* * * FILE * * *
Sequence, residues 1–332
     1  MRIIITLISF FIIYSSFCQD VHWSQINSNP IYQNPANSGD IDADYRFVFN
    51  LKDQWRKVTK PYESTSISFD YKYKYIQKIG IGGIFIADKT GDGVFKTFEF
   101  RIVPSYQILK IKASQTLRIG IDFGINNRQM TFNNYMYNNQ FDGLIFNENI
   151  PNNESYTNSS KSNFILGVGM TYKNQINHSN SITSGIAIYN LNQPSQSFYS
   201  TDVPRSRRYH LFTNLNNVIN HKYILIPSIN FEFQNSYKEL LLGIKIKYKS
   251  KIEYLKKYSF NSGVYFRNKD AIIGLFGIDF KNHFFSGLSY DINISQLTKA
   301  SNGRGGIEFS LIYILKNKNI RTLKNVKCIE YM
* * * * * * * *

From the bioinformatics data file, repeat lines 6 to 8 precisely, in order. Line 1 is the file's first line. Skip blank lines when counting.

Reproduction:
   201  TDVPRSRRYH LFTNLNNVIN HKYILIPSIN FEFQNSYKEL LLGIKIKYKS
   251  KIEYLKKYSF NSGVYFRNKD AIIGLFGIDF KNHFFSGLSY DINISQLTKA
   301  SNGRGGIEFS LIYILKNKNI RTLKNVKCIE YM